When people say, “I want someone to love me unconditionally,” what they really mean is, “I want someone to love me and stay with me without holding me responsible for my actions and without my holding myself accountable for the things I say and do.”
Here’s Susan’s story as an example:
I met Robert a few years ago. He said he wanted somebody to love him for him and love him unconditionally. He asked me out on a couple dates, was charming, and seemed adventurous. The first month went well.
The second month began revealing Robert’s nature. He began complaining about things I did and what I did never seemed good enough. He complained I cooked heathy foods a lot, didn’t have fabric softener, waited for him to open doors for me, didn’t have money to loan him, and didn’t buy him gifts. He told me a couple times, “If one woman won’t do things I want you to do, another woman will.” “What the hell?” is what ran through my mind as I’d shake my head as if shaking his words from my memory.
Robert would mention one of his ex-girlfriends with a comment that “She was on point from the door. You’re getting on point, but maybe it’s because she kids that she was on point from the beginning.” “What?” was all that would cross my lips as I felt my blood pressure rising. “Like, she wanted me to go to an event with her. I went to her place and she gave me a bag with a suit in it, pants, shirt, tie, jacket, everything. She’d got me a pair of shoes, too. I don’t know how she knew what size shoe I wore, but she got the right size. That’s what I mean; she’d buy me things and just give them to me. You don’t do that.”
“Let me ask you this,” Susan asked Robert. “If she was so on point from the door as you say, why aren’t you still with her? And, if I’m so off point, why are you here?” “Well, it just didn’t work out.”
“Really? Because you compare me to her and tell me how great she was and how she’d spend money on you all the time.” Susan paused before adding, “This is what I think. I think you need to be by yourself for a while. Or at least away from me, that way you’d be free to find the perfect person you’re looking for.” “I’m not looking for a perfect person. I just want someone to love me unconditionally,” Robert replied.
“Loving someone has nothing to do what that persons tolerates from you. Loving someone unconditionally doesn’t mean they accept being mentally or verbally abused,” Susan told him. Robert asked Susan what she was saying. “To make this simple,” she said to him, “I’m breaking up with you. I do love you unconditionally, which means I love you for who you are. Loving you for who you are doesn’t mean I have to be with you and listen to you constantly putting me down and comparing me to a woman you’re no longer with.” “What?” Robert’s voice raising a bit. “You’re breaking up with me? I’m Robert Everly. No one breaks up with me. No one has ever broken up with me. I’m Robert Everly.”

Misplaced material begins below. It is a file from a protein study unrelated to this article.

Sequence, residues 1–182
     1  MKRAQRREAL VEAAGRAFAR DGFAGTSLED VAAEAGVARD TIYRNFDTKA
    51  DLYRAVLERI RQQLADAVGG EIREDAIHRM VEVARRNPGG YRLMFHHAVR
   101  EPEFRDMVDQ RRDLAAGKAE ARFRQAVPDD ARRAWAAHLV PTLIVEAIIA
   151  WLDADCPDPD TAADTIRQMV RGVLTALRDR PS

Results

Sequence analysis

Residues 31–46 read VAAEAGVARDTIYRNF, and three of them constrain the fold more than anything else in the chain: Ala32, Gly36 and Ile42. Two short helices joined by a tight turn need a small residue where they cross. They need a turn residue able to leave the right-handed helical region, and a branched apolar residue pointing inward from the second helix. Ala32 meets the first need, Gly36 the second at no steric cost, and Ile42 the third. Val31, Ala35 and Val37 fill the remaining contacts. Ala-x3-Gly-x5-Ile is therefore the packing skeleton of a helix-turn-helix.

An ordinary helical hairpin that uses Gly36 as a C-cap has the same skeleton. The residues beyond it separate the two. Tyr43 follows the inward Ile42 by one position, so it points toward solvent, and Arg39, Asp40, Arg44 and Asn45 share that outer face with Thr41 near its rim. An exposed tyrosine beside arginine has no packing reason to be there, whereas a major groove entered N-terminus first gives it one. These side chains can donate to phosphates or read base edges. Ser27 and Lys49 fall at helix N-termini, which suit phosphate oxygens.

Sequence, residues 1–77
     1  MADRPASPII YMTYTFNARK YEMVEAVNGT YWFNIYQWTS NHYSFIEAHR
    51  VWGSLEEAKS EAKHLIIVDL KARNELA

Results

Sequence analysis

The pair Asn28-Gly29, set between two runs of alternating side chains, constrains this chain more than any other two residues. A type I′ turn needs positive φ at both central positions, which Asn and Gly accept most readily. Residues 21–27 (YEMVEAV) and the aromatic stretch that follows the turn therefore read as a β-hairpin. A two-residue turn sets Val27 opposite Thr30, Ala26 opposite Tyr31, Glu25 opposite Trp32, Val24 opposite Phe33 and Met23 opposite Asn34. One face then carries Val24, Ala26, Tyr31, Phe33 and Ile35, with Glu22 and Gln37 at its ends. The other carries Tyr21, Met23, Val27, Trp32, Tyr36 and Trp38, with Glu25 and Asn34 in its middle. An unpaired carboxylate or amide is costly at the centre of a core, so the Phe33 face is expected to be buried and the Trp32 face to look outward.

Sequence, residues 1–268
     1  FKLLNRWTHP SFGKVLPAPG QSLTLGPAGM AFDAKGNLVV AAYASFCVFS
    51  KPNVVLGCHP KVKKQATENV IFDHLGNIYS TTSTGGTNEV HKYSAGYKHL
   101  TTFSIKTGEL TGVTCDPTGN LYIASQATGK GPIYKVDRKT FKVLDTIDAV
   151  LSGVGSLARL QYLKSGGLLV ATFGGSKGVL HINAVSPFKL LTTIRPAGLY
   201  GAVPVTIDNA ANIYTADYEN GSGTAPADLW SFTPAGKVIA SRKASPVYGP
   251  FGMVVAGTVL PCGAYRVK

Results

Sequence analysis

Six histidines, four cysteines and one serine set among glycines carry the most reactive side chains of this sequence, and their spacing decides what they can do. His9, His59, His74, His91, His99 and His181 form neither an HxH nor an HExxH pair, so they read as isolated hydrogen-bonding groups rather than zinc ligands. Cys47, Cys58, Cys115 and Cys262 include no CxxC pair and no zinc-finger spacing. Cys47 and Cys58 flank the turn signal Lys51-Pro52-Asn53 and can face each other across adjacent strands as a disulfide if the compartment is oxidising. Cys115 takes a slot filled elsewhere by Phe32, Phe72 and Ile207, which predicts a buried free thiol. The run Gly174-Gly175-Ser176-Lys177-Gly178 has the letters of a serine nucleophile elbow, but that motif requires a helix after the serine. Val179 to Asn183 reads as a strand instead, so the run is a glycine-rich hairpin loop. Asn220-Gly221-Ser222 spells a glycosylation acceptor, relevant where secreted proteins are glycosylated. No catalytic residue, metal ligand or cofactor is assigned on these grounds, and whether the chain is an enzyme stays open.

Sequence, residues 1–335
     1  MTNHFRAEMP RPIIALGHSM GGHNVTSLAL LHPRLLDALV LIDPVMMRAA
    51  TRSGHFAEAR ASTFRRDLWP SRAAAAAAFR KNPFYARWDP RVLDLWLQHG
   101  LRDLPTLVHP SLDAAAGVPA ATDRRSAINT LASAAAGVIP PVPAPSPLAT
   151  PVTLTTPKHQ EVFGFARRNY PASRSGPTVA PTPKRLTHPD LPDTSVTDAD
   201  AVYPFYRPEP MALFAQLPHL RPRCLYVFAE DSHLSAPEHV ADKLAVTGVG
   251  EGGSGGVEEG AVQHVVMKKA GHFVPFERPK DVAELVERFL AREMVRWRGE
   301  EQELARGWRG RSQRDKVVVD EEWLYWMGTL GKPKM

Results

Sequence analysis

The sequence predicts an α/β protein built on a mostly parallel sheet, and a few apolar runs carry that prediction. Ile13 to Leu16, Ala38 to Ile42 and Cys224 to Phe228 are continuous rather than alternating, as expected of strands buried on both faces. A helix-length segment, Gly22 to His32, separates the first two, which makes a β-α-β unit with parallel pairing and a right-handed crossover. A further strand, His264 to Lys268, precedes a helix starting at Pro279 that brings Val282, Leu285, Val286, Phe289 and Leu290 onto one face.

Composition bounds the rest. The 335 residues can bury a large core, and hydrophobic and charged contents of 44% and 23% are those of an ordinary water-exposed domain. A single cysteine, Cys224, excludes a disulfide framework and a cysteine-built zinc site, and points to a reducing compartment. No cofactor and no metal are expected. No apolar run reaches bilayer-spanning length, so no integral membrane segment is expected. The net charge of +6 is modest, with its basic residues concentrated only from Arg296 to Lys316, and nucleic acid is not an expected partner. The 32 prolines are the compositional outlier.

“You say that like you’re Jesus Christ,” Susan laughed realizing how skewed Robert’s self-perception was. “You’ve repeatedly complained about what I don’t do, complain about what I do, compare me to you ex, want to argue about almost everything, never accept responsibility for anything, and you really think how you treat me is good?” Susan continued without giving him time to respond, “You should be glad we’re over. Now you’re free to find someone who doesn’t mind tolerating you and your pompous attitude.” “See,” Robert said. “I knew you didn’t love me unconditionally.”
“You’re so blind.” Susan told him. “I do love you. I simply dislike how you treat me and so I’ve decided to love you from afar. All of your complaints and comparisons showed me that you didn’t love me unconditionally. If you loved me unconditionally, you’d have loved me for me, not continue to compare me to another woman, especially one you say you broke up with. If she was so on point, go back to her.”
The above story is unfortunately typical of those seeking “unconditional love.” They want to be loved for who they are while being abusive toward you. Sadly, they don’t recognize their own faults. They don’t see how their words and actions affect others. Their only concern is how you treat them. They’re blind as to how they treat you. Essentially, they’re selfish, egotistical, and immature.
I saw a saying on social media that read, “Givers have to set limits because takers never do.” You have to set limits to protect yourself from being used and taken advantage of. Friendships and relationships are supposed to be give and take, actions are reciprocated; if they’re not … you’re being mistreated and you should decide what to do about it. Allow it to continue or learn to love from afar. Of course, the person will say you never loved them without realizing they never loved you. You don’t repeatedly hurt the one you claim to love.
Something to think about … some people don’t know how to love. What you should know is that it’s not your job to teach them. Love yourself. Value yourself. Disallow others to mentally, verbally, or physically abuse you. Learn to love abusers from afar and not make apologies for it.
What are your thoughts on Susan’s story? Do you have a similar one you’d like to share? How do you define “unconditional love?” I look forward to reading your thoughts.
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